From September 10 a digital experience of Child and Mother will be available online and includes an interactive 360 virtual tour as well as a curated walk through video of the exhibition. Go to www.daxcentre.org/exhibitions/childandmother/
The Dax Centre is temporarily closed to the public as per current Stage 4 restrictions and will remain closed until restrictions are lifted.
Once restrictions are lifted The Dax Gallery opening hours are: Every Wednesday – Friday, 10.00am-4.00pm. Last Sunday of the month, 11.00am-3.00pm.
Admission to Child and Mother is free and guests of all ages are welcome. For more information visit www.daxcentre.org
The Child and Mother exhibition is supported by Gandel Philanthropy.
The digital experiences have been made possible with support from City of Melbourne.
Lifeline 13 11 14
Suicide Call Back Line 1800 659 467
Mensline 1300 789 978
KidsHelpline 1800 551 800
* Exhibition will initially be online in a virtual format. The physical gallery opening will be dependent upon the easing of COVID-19 restrictions in Victoria.
ABOUT THE DAX CENTRE
The Dax Centre provides artists with lived experience of mental health issues opportunities for creative expression while fostering social change by expanding the public’s awareness of mental illness and breaking down stigma through art.
Founded in 2012, but with a history spanning back to the 1940s, The Dax Centre is the premier exhibition space and education centre of it’s kind in Melbourne. The Dax Centre is proud to support a diverse group of talented artists realise their creative dreams and break down stigma through our education and public programs.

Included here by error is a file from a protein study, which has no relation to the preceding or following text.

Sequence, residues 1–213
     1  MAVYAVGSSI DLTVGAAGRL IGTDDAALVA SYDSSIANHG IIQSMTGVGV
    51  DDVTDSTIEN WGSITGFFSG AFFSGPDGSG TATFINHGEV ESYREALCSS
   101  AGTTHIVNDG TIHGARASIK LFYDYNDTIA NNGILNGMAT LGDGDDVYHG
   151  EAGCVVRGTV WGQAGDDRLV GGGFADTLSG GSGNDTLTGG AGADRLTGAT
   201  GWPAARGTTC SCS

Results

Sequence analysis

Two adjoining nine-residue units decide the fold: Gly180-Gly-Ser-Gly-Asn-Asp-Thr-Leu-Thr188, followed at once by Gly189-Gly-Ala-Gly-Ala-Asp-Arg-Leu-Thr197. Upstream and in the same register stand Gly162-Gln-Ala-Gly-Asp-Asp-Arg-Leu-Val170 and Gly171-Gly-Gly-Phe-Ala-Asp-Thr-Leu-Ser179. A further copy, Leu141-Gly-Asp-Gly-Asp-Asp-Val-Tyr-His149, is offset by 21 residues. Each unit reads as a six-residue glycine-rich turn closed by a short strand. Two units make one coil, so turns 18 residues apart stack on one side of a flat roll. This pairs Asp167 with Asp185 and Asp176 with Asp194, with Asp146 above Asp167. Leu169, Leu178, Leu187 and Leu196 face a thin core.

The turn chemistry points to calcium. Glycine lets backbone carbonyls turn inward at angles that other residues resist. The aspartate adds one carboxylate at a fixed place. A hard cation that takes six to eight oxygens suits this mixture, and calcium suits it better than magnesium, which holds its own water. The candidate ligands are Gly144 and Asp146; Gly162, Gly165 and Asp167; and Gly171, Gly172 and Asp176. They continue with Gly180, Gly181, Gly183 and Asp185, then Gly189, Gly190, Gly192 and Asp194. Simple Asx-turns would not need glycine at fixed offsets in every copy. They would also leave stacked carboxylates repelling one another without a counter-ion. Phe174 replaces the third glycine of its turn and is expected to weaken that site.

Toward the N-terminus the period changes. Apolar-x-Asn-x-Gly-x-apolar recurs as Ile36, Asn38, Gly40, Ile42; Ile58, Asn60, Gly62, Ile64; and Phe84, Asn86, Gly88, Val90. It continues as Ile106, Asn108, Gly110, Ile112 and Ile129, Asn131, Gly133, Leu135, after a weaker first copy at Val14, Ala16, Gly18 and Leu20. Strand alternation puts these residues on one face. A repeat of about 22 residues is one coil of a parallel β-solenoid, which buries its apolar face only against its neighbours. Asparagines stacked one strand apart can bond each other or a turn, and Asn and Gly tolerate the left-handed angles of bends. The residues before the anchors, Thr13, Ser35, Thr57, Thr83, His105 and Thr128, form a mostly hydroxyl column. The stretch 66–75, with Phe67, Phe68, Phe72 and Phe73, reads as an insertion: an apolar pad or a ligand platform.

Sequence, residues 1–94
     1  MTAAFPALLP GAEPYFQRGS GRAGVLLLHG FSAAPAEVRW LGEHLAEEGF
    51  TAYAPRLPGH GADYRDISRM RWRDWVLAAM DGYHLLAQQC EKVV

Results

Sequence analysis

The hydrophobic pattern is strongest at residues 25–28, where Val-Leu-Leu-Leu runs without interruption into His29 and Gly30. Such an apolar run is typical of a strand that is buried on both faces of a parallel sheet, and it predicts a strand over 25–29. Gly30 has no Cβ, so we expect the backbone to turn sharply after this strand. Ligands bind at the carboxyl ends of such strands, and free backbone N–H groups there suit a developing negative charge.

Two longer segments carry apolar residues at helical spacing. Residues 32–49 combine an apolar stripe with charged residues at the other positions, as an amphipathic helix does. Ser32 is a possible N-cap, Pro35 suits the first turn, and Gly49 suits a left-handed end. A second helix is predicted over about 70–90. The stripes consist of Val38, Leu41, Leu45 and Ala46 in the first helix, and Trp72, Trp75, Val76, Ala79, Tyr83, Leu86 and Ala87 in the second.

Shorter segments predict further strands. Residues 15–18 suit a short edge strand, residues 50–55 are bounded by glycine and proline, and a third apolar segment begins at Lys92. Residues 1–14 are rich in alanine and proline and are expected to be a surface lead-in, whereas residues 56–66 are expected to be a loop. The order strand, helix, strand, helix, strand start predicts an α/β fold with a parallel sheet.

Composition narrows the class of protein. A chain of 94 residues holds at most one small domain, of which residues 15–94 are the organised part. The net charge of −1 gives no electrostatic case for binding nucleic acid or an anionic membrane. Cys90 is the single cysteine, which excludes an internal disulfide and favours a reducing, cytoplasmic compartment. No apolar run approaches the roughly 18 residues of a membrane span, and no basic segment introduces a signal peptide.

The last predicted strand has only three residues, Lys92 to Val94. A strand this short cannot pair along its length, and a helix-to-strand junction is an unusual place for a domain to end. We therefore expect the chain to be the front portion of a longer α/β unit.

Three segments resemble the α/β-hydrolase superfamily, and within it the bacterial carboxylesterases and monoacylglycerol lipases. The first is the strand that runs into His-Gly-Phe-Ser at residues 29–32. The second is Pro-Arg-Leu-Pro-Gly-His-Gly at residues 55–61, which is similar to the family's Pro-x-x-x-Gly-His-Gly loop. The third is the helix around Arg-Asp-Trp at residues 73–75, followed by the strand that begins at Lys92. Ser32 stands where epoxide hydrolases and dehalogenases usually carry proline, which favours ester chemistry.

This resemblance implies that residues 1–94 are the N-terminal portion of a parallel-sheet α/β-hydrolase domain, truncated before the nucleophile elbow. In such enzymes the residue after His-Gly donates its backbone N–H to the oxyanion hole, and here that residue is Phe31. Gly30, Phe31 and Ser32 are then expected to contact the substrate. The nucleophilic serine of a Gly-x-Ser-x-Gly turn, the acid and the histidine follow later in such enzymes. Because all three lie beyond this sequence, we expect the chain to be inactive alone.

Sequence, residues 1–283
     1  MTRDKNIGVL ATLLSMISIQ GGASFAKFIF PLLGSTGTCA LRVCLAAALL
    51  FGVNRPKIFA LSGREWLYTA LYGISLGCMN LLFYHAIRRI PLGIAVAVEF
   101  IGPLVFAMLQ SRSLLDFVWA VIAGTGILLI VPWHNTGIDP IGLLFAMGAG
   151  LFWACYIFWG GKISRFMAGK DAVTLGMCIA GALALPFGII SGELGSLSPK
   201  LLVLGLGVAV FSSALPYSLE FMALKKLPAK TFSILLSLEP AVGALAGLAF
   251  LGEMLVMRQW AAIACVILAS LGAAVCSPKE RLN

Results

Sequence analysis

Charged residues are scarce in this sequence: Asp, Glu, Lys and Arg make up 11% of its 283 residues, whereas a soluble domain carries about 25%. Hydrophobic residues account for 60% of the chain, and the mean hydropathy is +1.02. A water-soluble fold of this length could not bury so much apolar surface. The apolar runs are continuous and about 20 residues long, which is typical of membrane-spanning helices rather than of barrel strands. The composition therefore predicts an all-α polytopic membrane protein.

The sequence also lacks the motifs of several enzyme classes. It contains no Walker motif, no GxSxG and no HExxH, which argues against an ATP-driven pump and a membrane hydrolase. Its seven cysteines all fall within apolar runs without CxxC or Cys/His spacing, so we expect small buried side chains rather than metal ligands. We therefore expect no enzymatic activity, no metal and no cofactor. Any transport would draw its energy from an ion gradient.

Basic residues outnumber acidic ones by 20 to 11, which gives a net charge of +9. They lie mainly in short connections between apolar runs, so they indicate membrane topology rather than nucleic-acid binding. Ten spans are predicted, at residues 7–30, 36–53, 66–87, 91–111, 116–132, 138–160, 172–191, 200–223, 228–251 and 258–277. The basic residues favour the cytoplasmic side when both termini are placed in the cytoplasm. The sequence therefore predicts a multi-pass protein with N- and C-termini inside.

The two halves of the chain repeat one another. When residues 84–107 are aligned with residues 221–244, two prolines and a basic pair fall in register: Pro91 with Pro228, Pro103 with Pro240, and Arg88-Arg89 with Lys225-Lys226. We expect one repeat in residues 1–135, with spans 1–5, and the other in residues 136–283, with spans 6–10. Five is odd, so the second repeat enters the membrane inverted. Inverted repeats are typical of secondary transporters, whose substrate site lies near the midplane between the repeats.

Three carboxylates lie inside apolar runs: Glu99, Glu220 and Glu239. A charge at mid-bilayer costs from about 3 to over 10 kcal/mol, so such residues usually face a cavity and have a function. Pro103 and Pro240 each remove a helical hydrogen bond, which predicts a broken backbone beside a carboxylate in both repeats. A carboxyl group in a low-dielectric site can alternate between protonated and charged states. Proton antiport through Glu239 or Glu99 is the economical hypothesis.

Through our exhibitions and educational programs we engage, inform and encourage conversations about mental health through art.
The centre is named after Dr Eric Cunningham Dax AO, and his pioneering work to develop mental health care and improve the quality of life for those living with mental illness. The Cunningham Dax Collection is an important art collection of national significance and is on the Victorian Heritage Register. It is the only one of its type in Australia, and one of only four of its kind in the world.
SANE is a national mental health charity that aims to make a real difference. We work to support four million Australians affected by complex mental health issues including schizophrenia, bipolar, borderline personality disorder, eating disorders, obsessive compulsive disorder, post-traumatic stress disorder and severe depression and anxiety.
Video content from curator and artist Del Kathryn Barton and artist Patricia Stewart is available. Please contact Stef Harris.
To request an interview with the Director of The Dax Centre Charmaine Smith, The Dax Centre Collections Manager and Curator, Julia Young or artist Patricia Stewart please contact Bianca Lapins.
M: 0439 708 381